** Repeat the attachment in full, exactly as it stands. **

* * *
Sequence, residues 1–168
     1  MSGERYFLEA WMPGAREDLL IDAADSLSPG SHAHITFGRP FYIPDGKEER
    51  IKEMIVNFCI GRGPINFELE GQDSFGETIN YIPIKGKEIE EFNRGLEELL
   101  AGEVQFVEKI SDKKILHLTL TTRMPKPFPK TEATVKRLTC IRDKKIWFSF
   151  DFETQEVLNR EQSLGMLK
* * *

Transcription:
Sequence, residues 1–168
     1  MSGERYFLEA WMPGAREDLL IDAADSLSPG SHAHITFGRP FYIPDGKEER
    51  IKEMIVNFCI GRGPINFELE GQDSFGETIN YIPIKGKEIE EFNRGLEELL
   101  AGEVQFVEKI SDKKILHLTL TTRMPKPFPK TEATVKRLTC IRDKKIWFSF
   151  DFETQEVLNR EQSLGMLK